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Beat the Commute

by kirsty
Friday 31st October 2014
 
 

Run247 columnist Kirsty Reade discusses the pros and cons of swapping the tube journey for a run-commute

I’ve recently started working in London and this means I spend about three hours a day cooped up in various metal boxes – car, train, tube, then tube, train, car. For a large part of this time I could be pressed up against stinky strangers, assaulted by the smell of their burgers and fries and the noise of their loud phone conversations. It also means that I’m at the mercy of traffic, train and tube delays and there is often one thought that goes through my head: ‘I could run this quicker’. So, I thought I would.

Beat the Commute

Photo: Kirsty during the Country to Capital race last year, which finishes on the stretch of canal she run son

My first attempt at running to avoid the tube wasn’t very successful. I took the most direct route between Paddington and my workplace in Kings Cross, which was a very busy road. Sucking in all the fumes made me feel like I’d smoked a few fags, not been for a run, the pavements were hideously packed and it was only going to be a matter of time before I met an untimely demise on one of the many road crossings. So that route was out. But then I discovered that I could run along the canal all the way between work and the station.

It was four miles of running versus five tube stops, it was fresh air versus breathing in the atmosphere of a giant metal tube, it was freedom, self-sufficiency, exercise and most of all I was sticking it to my commute, turning a negative into a positive. I liked it. I could even run home after my train journey to make it into a longer run.

Run commuting is not without its drawbacks. The stretch of canal I run on goes through Camden and is a mecca for drunks, stoned teenagers and large groups of foreign tourists, all of whom tend not to notice a runner coming through. I’m pretty sure I would fail a drugs test with the amount of weed fumes I inhale running through there.

The canal rats can also be a bit confrontational but then I guess I am on their turf. I almost stepped on one the other day, so unbothered was it by my presence. I worry that one day they will gang up on me under a bridge and steal my lunch money. Lastly, I live in fear of tripping and falling in. Judging by some of the unsavoury items I see floating in the canal this would be a pretty unpleasant experience. With a heavy rucksack on, I might actually sink and drown.

The biggest challenge of run commuting is the logistics. Run to work and you need to take work clothes, purse, season ticket, pass to get in the building, phone, keys, towel, shower gel, deodorant; run home and you need most of the same stuff but don’t forget your car keys! All it takes to ruin your day is to forget one item (eg clean pants). And if your workplace doesn’t have showers you could ruin everybody else’s day.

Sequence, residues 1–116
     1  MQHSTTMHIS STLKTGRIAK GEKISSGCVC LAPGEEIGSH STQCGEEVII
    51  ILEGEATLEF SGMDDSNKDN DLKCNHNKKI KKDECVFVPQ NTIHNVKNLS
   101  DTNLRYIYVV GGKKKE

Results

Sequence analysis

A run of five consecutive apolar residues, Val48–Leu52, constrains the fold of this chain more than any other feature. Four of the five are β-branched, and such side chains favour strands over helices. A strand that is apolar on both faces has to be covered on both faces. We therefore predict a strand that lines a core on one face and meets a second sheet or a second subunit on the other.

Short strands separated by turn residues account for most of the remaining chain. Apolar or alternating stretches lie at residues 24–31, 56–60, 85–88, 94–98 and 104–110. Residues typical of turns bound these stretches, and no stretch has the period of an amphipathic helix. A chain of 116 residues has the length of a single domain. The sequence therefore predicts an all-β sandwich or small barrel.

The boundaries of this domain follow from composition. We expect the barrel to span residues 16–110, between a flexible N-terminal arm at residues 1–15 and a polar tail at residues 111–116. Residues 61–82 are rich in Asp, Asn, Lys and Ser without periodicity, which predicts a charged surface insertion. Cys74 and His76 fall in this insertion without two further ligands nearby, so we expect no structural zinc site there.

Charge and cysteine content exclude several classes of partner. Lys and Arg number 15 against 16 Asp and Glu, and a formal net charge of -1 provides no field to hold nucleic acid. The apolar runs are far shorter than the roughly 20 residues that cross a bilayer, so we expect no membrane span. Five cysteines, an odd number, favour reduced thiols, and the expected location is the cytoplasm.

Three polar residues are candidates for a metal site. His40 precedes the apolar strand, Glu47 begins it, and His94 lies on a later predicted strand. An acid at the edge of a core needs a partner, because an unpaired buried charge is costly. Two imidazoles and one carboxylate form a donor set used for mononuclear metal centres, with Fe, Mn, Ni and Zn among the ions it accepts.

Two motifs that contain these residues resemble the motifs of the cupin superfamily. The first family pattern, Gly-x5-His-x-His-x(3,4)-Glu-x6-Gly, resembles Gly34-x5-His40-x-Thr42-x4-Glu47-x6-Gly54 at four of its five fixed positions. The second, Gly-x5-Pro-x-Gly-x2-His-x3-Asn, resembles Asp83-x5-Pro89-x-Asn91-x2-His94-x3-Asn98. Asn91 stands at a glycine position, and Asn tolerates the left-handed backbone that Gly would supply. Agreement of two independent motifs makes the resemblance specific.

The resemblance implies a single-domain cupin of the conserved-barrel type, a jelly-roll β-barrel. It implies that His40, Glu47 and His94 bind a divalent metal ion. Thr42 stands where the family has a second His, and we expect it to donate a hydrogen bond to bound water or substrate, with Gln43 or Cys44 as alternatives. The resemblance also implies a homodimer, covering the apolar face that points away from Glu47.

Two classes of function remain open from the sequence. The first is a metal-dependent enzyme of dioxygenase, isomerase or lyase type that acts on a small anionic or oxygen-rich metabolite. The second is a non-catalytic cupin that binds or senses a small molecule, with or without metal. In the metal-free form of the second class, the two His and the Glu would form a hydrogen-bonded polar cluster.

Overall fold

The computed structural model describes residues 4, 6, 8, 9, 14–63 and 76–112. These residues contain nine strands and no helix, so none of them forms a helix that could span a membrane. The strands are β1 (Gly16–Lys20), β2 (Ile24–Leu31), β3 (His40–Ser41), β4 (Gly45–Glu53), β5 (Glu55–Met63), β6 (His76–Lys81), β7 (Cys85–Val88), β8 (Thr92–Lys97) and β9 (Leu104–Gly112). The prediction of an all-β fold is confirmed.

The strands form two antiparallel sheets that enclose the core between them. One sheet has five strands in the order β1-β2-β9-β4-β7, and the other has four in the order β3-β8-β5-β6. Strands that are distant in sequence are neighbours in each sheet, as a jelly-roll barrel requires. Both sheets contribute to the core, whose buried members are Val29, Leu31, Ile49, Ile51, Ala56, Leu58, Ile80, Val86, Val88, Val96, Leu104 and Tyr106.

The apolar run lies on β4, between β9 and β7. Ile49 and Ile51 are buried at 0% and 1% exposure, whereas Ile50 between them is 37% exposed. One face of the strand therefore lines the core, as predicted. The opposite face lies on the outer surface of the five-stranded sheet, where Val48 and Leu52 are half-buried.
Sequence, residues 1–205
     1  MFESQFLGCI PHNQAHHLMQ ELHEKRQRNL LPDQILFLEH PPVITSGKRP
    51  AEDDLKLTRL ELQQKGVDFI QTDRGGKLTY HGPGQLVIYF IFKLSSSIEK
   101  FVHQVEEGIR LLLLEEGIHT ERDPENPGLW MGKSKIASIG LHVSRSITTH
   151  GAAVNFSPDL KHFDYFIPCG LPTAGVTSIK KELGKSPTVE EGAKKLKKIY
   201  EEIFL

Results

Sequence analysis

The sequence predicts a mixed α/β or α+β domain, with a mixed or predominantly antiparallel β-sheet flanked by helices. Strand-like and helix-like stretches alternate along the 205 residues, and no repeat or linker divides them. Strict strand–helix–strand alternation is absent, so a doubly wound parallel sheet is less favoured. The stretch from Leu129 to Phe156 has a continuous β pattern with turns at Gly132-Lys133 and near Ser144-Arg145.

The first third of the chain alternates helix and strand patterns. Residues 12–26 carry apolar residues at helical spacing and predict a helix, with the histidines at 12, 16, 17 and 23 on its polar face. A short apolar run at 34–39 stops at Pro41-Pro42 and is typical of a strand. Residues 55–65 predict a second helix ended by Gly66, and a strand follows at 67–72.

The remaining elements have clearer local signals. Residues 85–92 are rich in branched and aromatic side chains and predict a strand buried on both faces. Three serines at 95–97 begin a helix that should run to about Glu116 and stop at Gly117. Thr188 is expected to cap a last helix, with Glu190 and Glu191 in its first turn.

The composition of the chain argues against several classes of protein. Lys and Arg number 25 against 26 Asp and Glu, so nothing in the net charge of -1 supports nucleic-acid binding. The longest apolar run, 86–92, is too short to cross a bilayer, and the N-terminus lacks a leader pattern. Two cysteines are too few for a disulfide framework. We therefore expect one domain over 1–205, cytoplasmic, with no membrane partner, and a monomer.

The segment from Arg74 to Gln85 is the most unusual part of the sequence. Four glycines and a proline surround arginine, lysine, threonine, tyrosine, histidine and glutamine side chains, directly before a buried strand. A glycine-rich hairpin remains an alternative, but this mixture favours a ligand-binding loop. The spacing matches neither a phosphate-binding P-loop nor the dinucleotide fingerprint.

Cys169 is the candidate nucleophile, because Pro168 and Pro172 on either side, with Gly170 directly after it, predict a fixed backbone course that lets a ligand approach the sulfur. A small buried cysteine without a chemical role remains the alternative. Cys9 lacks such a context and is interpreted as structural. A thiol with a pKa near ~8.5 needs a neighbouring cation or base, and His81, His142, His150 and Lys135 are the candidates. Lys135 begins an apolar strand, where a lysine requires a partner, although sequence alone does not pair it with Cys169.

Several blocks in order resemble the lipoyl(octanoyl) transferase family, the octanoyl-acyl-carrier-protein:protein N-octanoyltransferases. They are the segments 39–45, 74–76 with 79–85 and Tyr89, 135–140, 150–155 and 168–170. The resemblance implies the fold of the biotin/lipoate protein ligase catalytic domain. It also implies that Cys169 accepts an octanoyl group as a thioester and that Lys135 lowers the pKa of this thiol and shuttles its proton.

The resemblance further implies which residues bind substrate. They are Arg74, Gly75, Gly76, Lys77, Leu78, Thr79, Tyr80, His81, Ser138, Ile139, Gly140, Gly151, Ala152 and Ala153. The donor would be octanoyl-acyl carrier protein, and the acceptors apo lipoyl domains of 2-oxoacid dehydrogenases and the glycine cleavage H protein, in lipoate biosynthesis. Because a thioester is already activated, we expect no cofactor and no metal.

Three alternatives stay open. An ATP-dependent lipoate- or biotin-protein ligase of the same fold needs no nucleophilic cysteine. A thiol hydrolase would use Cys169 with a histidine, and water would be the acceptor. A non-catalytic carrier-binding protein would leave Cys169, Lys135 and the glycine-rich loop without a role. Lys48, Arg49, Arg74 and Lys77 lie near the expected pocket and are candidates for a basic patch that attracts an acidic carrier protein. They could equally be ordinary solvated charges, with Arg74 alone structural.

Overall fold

The all-important item for run commuting is the backpack. It’s got to be big enough for all of the above, but not too big or it’ll jiggle around. The best one I’ve found for running anywhere you need to take a fair amount of kit is the Berghaus Vapour 15 (HERE). You can get loads of stuff in it, it fits very closely (even if you’re small, like me) and there are useful pockets on the belt (perfect for phone and season ticket) and at the sides.

Run commuting appeals to my practical nature. It’s a nice feeling that you’re getting some exercise in but also getting yourself to work and it’s brilliant to run along knowing that you’re avoiding being crammed into a tube carriage. When you sit down on the train if you’ve run to the station, or in your office chair if you’ve run into work, you instantly feel very virtuous. And, if you’ve run into work it’s the perfect opportunity for a second breakfast, one of my absolute favourite things about running.

So what was the verdict? Run commuting takes around 32 minutes, door-to-door station to work on the tube takes about 40 minutes in the morning and 30 in the evening. Running wins!

 
 
 
 
 
 
 

About The Author

Kirsty Reade

I’d describe myself as borderline obsessed with running, racing, reading about running, and watching others run so hopefully I’m fairly typical of Run247’s visitors. I tend to do longer races, particularly off-road marathons and ultras, but am pretty much a fan of any distance. I'm passionate about helping runners of all levels to improve through running communities I'm involved in, such as Underground Ultra and Free Range Runners. 

 
 
 
 
 

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